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I flew ZRH->LHR on BA0711 today on G-EUOG. I noticed through the cabin door one of the instruments had a yellow INOP sticker across it (see photo). Which instrument was it? I am presuming the instrument has a backup, and the backup was operative, but I had thought the purpose of an backup was so that it could be used if the primary failed in flight? Or is the instrument just 'not important'? What are the rules re flying with INOP instruments? enter image description here

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    $\begingroup$ I'm not sure what instrument it is, but the ironic part is that the sticker makes it legal to fly with the INOP instrument. Without the sticker it would be against the rules (at least in the US). This includes instruments that go INOP in flight, which is why some aircraft have sticky notes or INOP stickers on board. $\endgroup$ – Ron Beyer Jun 25 '18 at 12:07
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    $\begingroup$ In case it helps someone, G-EUOG seems to be an Airbus A319-131. $\endgroup$ – a CVn Jun 25 '18 at 12:54
  • $\begingroup$ @RonBeyer it's quite possible for something to ground the aircraft when INOP, would still be marked just as a reference for maintenance and a warning to other crew to not fly the aircraft. $\endgroup$ – jwenting Jun 26 '18 at 4:35
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    $\begingroup$ @RonBeyer Well, it's not as stupid as it sounds. A big INOP sticker makes it obvious that the instrument is not functioning. Without a sticker what is to stop a pilot from forgetting that the intstrument is broken and then reacting inappropriately to the (incorrect) information displayed? $\endgroup$ – J... Jun 26 '18 at 13:39
  • $\begingroup$ @jwenting I don't think I suggested that it wasn't the case, I've grounded aircraft myself because of INOP equipment, and made sure it was marked properly for the maintenance people. $\endgroup$ – Ron Beyer Jun 26 '18 at 14:50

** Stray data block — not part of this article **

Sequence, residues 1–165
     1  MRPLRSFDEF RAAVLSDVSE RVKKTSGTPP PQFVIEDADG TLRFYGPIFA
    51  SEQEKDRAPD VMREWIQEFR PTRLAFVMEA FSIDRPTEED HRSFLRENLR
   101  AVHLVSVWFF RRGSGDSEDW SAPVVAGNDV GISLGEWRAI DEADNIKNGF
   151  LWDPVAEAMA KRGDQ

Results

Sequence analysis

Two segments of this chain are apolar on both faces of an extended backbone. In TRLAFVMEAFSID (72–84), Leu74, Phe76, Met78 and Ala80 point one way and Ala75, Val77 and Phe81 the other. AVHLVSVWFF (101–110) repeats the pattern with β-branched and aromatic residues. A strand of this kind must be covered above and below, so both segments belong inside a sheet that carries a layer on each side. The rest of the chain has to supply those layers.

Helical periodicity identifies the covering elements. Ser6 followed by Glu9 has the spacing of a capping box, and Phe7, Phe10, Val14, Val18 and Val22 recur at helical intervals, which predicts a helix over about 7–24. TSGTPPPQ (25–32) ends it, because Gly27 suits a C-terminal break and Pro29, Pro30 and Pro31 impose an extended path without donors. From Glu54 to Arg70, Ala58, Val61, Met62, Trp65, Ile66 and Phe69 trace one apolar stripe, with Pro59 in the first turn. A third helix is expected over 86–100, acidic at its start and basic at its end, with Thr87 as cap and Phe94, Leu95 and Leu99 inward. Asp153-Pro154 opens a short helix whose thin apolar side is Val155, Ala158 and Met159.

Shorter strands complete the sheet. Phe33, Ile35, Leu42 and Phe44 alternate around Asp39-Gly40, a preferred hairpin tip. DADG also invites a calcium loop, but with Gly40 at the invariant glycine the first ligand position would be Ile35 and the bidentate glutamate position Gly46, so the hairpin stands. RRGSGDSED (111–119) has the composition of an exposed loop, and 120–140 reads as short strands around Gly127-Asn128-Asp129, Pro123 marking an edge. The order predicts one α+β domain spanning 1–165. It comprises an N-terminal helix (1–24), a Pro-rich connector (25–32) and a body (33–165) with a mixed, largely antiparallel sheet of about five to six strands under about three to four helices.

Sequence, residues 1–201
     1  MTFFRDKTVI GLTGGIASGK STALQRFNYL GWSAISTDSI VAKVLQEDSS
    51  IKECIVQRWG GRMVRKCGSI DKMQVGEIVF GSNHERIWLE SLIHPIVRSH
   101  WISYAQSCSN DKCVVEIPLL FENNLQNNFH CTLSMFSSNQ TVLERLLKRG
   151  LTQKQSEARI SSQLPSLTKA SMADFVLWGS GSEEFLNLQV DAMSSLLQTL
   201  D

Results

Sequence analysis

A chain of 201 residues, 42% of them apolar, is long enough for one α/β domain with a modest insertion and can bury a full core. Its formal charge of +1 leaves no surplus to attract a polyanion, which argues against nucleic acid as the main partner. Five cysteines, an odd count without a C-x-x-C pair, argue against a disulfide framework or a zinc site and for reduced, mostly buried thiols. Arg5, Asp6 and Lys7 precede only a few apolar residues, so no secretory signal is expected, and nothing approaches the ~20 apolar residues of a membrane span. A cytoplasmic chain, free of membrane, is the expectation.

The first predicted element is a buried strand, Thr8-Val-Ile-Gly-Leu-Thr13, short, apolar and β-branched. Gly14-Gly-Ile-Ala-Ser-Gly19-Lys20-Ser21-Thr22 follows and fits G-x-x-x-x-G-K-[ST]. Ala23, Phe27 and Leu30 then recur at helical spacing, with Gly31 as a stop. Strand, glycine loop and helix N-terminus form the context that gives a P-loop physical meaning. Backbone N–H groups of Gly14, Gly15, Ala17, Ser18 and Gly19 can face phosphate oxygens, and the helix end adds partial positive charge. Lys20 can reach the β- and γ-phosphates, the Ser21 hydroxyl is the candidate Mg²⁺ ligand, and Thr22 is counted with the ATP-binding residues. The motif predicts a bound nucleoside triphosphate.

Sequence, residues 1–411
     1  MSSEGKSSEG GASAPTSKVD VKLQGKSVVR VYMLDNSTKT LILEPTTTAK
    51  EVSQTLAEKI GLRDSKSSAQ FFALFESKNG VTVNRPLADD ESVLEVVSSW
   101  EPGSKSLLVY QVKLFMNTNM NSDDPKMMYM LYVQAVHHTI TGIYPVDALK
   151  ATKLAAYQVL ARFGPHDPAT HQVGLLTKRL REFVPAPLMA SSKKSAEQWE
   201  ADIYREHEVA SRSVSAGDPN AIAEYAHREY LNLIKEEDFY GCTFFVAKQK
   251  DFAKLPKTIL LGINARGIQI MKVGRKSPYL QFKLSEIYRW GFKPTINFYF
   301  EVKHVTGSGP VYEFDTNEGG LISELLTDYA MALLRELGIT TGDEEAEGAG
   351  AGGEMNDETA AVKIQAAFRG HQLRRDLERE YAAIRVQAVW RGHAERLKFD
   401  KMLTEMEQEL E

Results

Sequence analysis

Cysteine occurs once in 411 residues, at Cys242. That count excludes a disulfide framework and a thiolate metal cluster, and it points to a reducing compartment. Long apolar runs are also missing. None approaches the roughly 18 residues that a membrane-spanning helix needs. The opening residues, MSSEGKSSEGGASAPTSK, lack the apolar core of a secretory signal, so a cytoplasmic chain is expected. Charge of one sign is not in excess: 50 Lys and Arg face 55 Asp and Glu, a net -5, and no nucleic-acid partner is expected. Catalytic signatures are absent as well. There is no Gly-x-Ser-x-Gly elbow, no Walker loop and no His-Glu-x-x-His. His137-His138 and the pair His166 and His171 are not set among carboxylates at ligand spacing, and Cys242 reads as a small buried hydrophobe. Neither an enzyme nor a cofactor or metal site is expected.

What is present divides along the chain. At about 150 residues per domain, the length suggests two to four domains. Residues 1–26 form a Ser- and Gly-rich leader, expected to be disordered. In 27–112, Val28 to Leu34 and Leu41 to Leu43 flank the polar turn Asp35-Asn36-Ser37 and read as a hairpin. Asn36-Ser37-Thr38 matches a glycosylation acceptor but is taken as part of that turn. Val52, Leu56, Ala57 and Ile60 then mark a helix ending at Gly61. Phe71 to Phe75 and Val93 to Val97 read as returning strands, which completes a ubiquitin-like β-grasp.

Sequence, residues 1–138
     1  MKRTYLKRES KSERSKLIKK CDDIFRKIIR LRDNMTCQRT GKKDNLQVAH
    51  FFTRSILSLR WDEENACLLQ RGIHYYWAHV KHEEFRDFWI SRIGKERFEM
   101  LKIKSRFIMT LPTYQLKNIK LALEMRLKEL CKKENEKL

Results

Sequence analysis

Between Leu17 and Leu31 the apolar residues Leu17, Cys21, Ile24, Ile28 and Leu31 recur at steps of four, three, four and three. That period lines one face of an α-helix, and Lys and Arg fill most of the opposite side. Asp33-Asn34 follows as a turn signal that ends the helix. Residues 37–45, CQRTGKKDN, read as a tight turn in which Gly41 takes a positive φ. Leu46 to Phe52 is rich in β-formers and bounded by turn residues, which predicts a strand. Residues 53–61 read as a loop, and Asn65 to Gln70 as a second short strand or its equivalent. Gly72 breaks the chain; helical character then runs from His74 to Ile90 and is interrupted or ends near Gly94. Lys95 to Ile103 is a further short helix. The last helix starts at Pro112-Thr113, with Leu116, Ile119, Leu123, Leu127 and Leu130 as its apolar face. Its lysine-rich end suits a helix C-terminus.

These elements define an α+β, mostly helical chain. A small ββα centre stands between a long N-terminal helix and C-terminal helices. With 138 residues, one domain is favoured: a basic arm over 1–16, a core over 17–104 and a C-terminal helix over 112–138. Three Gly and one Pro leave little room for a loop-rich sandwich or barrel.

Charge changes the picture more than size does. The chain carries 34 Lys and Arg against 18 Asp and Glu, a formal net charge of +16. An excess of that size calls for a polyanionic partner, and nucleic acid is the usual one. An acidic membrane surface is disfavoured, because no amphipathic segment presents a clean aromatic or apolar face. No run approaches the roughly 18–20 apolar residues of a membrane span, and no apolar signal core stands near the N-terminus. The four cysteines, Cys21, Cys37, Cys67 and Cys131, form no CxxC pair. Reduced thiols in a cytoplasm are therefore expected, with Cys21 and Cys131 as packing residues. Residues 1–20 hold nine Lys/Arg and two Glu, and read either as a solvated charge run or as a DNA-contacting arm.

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It is a standby display, specifically a DDRMI (Digital Distance Radio Magnetic Indicator).

The aircraft can be dispatched with inoperative equipment. The process is controlled by a Minimum Equipment List (MEL). The operator will have an MEL for each type of aircraft in their fleet. The MEL is approved by the regulatory authority (FAA, CAA, etc.) and specifies what may be inop and associated restrictions.

I don't know what the BA MEL for the A319 is, but here's a snip from the FAA's Master MEL (MMEL), which is the guidance for each operator to use when creating their MEL.

FAA MMEL for A319

Following this guidance, the MEL would say you can dispatch with the DDRMI INOP if the FAR equipment minimums are met. That (at least in the US) is along the lines of "navigational equipment necessary for the planned flight".

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I am presuming the instrument has a backup, and the backup was operative

The "INOP" instrument itself is a backup. It is a navigation instrument which combines a compass, VOR needles and ADF needles. This backup instrument is an analog version which runs on 70s tech. It is rarely (if ever) needed, only intending to be used when all cockpit computers fail, which is exceptionally rare. The modern version uses computers and the results are displayed on the screens you see.

What are the rules re flying with INOP instruments?

As others have stated, the "Minimum Equipment List" is a document that lists what equipment is essential for an aircraft to be dispatched.

Besides safety, dispatch rate is another reason why there is redundancy in an airliner cockpit. With systems as complex as this (the manual of a modern airliner is thousands of pages long), failures are not unusual. It is more economical to design an aircraft that can still fly with some instruments / systems inoperative rather one which requires everything to be 100% working.

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The instrument is a backup VOR gauge. It's there in case manual radio navigation is needed (hardly in a modern airliner) AND the displays are not working.

As it's not an instrument that's vital for getting the aircraft on the ground safely, it's no problem if it's declared INOP (there is probably a maximum time period for it to be marked as such before repairs are required).

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Every aircraft has a MMEL (Master Minimum Equipment List) and a MEL (Minimum Equipment List). While the MMELs are published by the producer of the aircraft, MELs are generated by the companies flying these airplanes. Every company may have different MEL for the same aircraft. This MELs cannot be shorter than the MMEL. If that malfunctioning or inoperative equipment is in the MEL that aircraft cannot fly without special permissions.

This is the basic information. For more information you can read Wikipedia or FAA, JAR or EU OPS publications.

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